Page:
Through our chosen Systematic Synthetic Phonics scheme, Essential Letters and Sounds (ELS), children experience systematic, synthetic phonics taught with fidelity, consistency and continuity through EYFS to Year 2. The daily phonics session in each year group follows the review, teach, practice and apply method of teaching, providing opportunities for children to recap and over learn phonics to embed long term learning.
Essential Letters and Sounds exceeds the expectations of the National Curriculum and Early Learning Goals, exposing children to phonemes and national curriculum common exception words (known in our school as ‘harder to read and spell words’) from other year groups. Resources are specific to Essential Letters and Sounds, in particular friezes and sound cards. The leader of this subject has, alongside the EYFS lead, created sound mats which are particular to the programme, adapted to the needs of our children. The leader of this subject is a literacy specialist, seconded to the English Hub to support the successful implementation of phonics in schools across the country, and is kept abreast of the most up-to-date developments and opportunities.
Clear term-by-term expectations of progress from Reception to Year 2, provide opportunities for class teachers to assess pupils’ letter-sound knowledge and word reading skills, enabling targeted intervention to take place to close gaps quickly. Children are well-versed in the use of technical vocabulary in learning using words such as phoneme, digraph, trigraph and grapheme linking directly into our focus on oracy. Phonics lessons are taught daily, with the opportunity for children to read a decodable text in every lesson, right from the very beginning of phonics teaching.
Phonics lessons are of the highest standard. Staff training takes place regularly to ensure high quality teaching and aim to reduce the amount of extra support needed. Lessons ensure those who may be falling behind are identified immediately and receive daily targeted support from their class teacher, within the lesson as well as extra daily practice. Children read texts and books both at home and at school that closely match the letter-sound correspondence taught. Children transfer their phonics and reading skills in all areas of the curriculum. In line with National Curriculum requirements, children are encouraged to re-read texts to build fluency and practice reading books at home that they have read at school. Once pupils are able to confidently read unfamiliar words children are encouraged to read wider literature.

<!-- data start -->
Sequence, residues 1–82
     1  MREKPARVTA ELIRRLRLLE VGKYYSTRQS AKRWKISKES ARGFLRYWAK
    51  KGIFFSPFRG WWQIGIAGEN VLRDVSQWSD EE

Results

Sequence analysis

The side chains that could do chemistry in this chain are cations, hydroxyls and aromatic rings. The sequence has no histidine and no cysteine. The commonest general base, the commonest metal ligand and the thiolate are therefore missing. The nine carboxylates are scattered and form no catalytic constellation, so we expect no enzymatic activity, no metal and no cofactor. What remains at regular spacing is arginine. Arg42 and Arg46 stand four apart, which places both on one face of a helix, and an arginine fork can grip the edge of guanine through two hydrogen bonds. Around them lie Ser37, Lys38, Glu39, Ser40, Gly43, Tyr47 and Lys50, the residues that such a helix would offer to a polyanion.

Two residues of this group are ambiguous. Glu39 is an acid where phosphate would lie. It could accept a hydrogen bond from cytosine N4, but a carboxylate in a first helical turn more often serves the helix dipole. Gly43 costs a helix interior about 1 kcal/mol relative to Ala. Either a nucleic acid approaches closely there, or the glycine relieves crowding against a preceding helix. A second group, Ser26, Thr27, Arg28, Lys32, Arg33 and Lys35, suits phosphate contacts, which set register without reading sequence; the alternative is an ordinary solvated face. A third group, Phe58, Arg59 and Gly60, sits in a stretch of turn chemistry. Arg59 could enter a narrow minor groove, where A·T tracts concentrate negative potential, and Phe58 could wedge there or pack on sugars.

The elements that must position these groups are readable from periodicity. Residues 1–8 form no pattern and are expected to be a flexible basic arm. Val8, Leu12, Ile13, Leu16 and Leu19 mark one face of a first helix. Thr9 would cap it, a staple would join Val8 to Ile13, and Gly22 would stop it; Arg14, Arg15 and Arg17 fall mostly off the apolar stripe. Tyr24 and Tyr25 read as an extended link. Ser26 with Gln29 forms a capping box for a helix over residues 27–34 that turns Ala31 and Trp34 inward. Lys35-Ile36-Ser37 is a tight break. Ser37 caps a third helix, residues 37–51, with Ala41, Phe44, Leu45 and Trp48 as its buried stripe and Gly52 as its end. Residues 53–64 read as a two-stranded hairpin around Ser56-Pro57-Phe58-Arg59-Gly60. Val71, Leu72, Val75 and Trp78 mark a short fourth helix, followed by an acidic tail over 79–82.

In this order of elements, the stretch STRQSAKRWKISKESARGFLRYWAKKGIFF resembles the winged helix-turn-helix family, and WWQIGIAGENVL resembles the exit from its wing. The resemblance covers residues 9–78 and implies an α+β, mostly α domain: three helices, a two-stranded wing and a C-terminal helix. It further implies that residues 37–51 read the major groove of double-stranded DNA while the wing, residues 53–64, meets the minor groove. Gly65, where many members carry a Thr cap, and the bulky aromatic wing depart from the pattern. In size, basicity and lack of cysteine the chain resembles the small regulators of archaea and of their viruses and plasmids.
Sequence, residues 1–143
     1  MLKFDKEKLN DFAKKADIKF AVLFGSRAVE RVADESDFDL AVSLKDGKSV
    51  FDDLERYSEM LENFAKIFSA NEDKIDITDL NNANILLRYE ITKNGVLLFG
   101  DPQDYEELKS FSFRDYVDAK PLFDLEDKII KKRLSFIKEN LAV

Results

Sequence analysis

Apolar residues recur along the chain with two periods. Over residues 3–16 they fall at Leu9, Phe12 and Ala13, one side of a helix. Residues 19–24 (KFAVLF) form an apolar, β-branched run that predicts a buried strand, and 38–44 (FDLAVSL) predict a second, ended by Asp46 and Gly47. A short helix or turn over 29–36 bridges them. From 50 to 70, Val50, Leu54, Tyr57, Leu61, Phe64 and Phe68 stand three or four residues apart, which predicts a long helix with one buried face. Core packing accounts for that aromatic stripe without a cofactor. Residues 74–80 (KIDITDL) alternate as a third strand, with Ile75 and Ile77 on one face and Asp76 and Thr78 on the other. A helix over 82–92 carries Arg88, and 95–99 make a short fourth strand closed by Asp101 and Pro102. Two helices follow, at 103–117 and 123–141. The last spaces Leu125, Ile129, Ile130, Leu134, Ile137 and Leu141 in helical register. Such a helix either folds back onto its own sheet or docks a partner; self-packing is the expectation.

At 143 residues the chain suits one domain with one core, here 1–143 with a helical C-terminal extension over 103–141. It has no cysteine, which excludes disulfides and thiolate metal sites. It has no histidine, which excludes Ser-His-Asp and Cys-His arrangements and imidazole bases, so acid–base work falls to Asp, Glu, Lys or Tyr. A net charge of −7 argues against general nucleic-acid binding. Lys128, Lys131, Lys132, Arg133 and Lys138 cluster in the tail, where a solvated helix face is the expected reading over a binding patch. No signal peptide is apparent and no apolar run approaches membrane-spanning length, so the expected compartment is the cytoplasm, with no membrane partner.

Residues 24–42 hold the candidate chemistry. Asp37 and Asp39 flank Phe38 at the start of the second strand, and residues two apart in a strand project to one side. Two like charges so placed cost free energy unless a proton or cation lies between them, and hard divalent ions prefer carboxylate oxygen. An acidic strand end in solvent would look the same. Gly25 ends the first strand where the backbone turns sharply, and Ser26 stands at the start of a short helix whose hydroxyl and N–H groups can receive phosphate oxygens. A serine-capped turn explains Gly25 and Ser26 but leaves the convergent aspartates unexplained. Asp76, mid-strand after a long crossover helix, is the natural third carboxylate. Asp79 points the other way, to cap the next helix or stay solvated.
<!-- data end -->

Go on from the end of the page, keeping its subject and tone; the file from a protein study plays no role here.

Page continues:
Children will have a clear love of reading and confidence in reading unfamiliar words, applying these skills to all areas of the curriculum. Through carefully implemented learning activities, pupils will develop reading expertise to decode confidently and to derive meaning through written word. Through phonics, children will become life-long readers and develop a love of reading, having been exposed to a wide range of texts including instructions, non-fiction texts and stories during the reading a decodable text section of phonics lessons.
Pupil’s reading skills and vocabulary knowledge, when assessed by the class teacher as part of an ongoing process, throughout lessons and more formally on a half-termly basis, will show that they build on their developing phonics knowledge to decode unfamiliar words. Use of Essential Letters and Sounds assessments enable the class teacher and curriculum lead to measure impact and adapt phonics intervention and support where necessary.
Long term plans, showing the progression of skills and knowledge and the content taught in Reading and Phonics can be found below:
Phase 2 Pronunciation and Mnemonics, including alternative pronunciations and alternative graphemes
The definitions of the vocabulary used in phonics can be found here.
To draw individual sounds together to pronounce a word. Blending is a skill used for reading.
To split up a word into its individual phonemes in order to spell it: for example, the word ‘cat’ has three phonemes c/a/t. Children are asked to count the individual sounds in the word to help them to spell it. Segmenting is used for writing.
The smallest single identifiable sound in a word. For example, in the word 'cat' there are three phonemes c/a/t.
The written representation of a sound.
The relationship between sounds and the letters which represent those sounds; also known as ‘letter–sound correspondence’.
Two letters making one sound. For example, /sh/ in the word 'shop'.
Three letters making one sound. For example, /igh/ in the word 'night'.
Split digraph: two vowel letters split but are split by one or more consonants. For example, /a-e/ in the word 'cake'.
Decoding: Extracting meaning from symbols. In the case of reading, the symbols are letters, which are decoded into words.
Encoding: Writing involves encoding: communicating meaning by creating symbols (letters to make words) on a page.
Harder to Read and Spell Words: Words that children will find harder to read and spell as they will not have been taught the relevant GPCs. Sometimes these are Common Exception (I, the, no, go, into).